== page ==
These are both Fourth Amendment "searches" under the reading of the law that I argued for (in a dog sniff case). I think these technologies are not likely to be deployed, much less be useful for anything, quite as quickly as much of the reporting suggests, but when they are ready for prime-time, I want Fourth Amendment law to be there to meet them.

There are not many answers regarding this scanning technology either. Do you agree with Privacy SOS that we need a "privacy revolution"?

Harper: I doubt that there will be a privacy "revolution," sorry to say. The TSA is so obnoxious at airports that it is a bit of a special case. When the TSA can scan people without inconvenience, I won't be able to generate the kind of interest and energy that has gone into my TSA petition. The petition is part of my project (obviously joined informally by many confederates) to make the airport a law-bound environment again. There is a constitution, specifically a Fourth Amendment that should apply. Right now, we're trying to make sure that the Administrative Procedure Act applies so that the TSA has to weigh all the variables in its policy. Then the courts will have the information they need to really decide whether the TSA is conducting Fourth Amendment searches. It is, but the courts aren't ready to grapple with that. They're conservative and risk averse, just like politicians and the major media. We're way ahead of them --- every single person who has signed that petition!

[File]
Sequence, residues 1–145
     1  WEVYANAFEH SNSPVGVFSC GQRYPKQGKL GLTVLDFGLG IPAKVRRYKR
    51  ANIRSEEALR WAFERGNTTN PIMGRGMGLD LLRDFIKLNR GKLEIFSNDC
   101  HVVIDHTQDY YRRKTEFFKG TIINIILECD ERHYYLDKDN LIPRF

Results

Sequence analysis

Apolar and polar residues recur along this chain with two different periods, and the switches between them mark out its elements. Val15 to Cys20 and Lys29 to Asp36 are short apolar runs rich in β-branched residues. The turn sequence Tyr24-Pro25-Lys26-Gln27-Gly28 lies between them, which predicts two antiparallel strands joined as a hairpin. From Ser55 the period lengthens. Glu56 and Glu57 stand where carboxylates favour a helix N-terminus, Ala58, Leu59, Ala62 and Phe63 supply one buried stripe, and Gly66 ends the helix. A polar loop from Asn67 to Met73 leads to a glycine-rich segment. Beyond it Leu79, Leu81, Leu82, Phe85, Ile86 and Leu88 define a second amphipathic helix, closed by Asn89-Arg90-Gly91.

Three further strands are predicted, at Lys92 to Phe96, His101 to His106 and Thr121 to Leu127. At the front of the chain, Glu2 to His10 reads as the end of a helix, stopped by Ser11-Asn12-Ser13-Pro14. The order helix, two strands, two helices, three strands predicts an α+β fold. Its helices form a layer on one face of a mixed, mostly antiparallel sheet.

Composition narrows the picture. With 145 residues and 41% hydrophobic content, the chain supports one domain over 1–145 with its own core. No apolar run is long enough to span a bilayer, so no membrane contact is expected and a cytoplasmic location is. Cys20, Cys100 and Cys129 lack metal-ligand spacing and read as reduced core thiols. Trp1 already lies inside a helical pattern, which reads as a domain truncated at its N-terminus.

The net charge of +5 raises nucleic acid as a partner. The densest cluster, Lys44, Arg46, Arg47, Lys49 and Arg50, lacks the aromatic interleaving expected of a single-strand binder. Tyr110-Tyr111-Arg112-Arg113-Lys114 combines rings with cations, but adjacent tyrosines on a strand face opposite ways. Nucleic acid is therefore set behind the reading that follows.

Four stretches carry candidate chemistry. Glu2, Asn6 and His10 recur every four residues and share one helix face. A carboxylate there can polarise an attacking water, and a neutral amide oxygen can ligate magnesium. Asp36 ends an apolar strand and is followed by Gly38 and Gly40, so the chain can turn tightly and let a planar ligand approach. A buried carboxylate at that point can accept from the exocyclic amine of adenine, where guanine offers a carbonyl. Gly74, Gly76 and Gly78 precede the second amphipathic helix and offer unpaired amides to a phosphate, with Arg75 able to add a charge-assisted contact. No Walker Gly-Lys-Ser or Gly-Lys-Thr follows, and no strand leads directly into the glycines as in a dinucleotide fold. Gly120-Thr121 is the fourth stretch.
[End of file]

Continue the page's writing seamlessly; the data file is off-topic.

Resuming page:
Dear readers, as you probably know, I'm no fan of the out of control TSA mostly because it so trashes the Fourth Amendment. For a year, it has ignored the federal court ruling. As Harper wrote, "The public deserves to know where the administration stands on freedom to travel, and the rule of law. While TSA agents bark orders at American travelers, should the agency itself be allowed to flout one of the highest courts in the land? If the petition gets enough signatures, we'll find out."

We still need a little under 10,000 signatures, so I ask you again, please sign the petition! It will ask for an email address for confirmation, but as Harper pointed out, "If you're quite concerned about sharing an email, you can create a throwaway email on AOL or Yahoo! and use it once."